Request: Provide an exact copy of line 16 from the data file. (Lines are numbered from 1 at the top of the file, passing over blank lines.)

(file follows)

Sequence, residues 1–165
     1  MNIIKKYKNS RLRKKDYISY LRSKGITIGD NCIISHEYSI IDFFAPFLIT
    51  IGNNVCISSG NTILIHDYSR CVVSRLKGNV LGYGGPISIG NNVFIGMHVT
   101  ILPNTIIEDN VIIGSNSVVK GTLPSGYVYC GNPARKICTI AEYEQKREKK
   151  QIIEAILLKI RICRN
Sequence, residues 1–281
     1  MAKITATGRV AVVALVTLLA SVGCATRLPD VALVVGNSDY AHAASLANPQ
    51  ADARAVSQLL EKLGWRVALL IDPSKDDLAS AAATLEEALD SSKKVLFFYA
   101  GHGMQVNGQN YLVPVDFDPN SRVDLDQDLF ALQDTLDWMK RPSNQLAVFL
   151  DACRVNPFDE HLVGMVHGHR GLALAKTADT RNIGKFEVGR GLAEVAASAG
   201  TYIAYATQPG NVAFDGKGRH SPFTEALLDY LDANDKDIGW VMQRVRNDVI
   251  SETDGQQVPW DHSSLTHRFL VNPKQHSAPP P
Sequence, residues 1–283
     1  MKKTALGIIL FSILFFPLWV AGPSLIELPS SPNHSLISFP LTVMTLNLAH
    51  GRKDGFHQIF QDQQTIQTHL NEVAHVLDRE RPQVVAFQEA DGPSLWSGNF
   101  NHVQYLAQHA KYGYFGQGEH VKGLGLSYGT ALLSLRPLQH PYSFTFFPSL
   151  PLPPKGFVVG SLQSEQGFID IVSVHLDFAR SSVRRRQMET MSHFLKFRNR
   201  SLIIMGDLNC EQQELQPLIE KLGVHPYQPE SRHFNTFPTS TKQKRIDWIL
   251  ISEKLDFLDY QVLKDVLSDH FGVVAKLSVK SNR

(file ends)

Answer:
   101  NHVQYLAQHA KYGYFGQGEH VKGLGLSYGT ALLSLRPLQH PYSFTFFPSL